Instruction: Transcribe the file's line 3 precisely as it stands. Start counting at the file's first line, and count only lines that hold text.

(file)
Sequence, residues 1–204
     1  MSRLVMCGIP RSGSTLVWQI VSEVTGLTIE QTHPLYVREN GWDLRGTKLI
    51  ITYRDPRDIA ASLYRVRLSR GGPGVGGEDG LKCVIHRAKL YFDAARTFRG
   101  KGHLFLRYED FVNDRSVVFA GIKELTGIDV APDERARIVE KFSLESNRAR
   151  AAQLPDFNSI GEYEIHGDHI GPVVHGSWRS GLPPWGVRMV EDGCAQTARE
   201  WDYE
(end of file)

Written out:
    51  ITYRDPRDIA ASLYRVRLSR GGPGVGGEDG LKCVIHRAKL YFDAARTFRG